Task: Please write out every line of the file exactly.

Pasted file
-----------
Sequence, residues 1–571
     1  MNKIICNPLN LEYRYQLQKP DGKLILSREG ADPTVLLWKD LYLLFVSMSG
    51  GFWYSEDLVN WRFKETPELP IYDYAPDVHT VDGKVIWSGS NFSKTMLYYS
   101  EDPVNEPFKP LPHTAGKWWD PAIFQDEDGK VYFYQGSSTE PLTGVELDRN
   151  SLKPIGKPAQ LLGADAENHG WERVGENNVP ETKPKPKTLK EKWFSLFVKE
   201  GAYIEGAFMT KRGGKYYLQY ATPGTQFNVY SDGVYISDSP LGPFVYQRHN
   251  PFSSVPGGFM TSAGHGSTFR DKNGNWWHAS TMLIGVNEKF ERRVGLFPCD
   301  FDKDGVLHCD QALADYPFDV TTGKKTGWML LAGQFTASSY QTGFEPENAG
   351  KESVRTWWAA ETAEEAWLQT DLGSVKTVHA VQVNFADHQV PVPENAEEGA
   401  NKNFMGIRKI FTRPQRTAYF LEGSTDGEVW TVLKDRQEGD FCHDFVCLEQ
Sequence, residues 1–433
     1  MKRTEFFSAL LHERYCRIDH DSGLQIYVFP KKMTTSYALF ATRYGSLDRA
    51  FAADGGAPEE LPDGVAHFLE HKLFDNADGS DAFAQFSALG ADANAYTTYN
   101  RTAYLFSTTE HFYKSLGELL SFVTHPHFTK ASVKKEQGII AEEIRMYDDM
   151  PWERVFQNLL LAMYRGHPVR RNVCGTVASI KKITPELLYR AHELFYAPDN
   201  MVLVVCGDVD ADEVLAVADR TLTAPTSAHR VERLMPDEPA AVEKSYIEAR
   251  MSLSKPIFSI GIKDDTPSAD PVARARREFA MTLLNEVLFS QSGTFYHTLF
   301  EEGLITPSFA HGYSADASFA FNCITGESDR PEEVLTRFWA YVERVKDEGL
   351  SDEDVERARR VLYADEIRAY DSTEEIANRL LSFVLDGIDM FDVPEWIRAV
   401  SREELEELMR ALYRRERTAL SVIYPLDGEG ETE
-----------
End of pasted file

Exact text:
Sequence, residues 1–571
     1  MNKIICNPLN LEYRYQLQKP DGKLILSREG ADPTVLLWKD LYLLFVSMSG
    51  GFWYSEDLVN WRFKETPELP IYDYAPDVHT VDGKVIWSGS NFSKTMLYYS
   101  EDPVNEPFKP LPHTAGKWWD PAIFQDEDGK VYFYQGSSTE PLTGVELDRN
   151  SLKPIGKPAQ LLGADAENHG WERVGENNVP ETKPKPKTLK EKWFSLFVKE
   201  GAYIEGAFMT KRGGKYYLQY ATPGTQFNVY SDGVYISDSP LGPFVYQRHN
   251  PFSSVPGGFM TSAGHGSTFR DKNGNWWHAS TMLIGVNEKF ERRVGLFPCD
   301  FDKDGVLHCD QALADYPFDV TTGKKTGWML LAGQFTASSY QTGFEPENAG
   351  KESVRTWWAA ETAEEAWLQT DLGSVKTVHA VQVNFADHQV PVPENAEEGA
   401  NKNFMGIRKI FTRPQRTAYF LEGSTDGEVW TVLKDRQEGD FCHDFVCLEQ
Sequence, residues 1–433
     1  MKRTEFFSAL LHERYCRIDH DSGLQIYVFP KKMTTSYALF ATRYGSLDRA
    51  FAADGGAPEE LPDGVAHFLE HKLFDNADGS DAFAQFSALG ADANAYTTYN
   101  RTAYLFSTTE HFYKSLGELL SFVTHPHFTK ASVKKEQGII AEEIRMYDDM
   151  PWERVFQNLL LAMYRGHPVR RNVCGTVASI KKITPELLYR AHELFYAPDN
   201  MVLVVCGDVD ADEVLAVADR TLTAPTSAHR VERLMPDEPA AVEKSYIEAR
   251  MSLSKPIFSI GIKDDTPSAD PVARARREFA MTLLNEVLFS QSGTFYHTLF
   301  EEGLITPSFA HGYSADASFA FNCITGESDR PEEVLTRFWA YVERVKDEGL
   351  SDEDVERARR VLYADEIRAY DSTEEIANRL LSFVLDGIDM FDVPEWIRAV
   401  SREELEELMR ALYRRERTAL SVIYPLDGEG ETE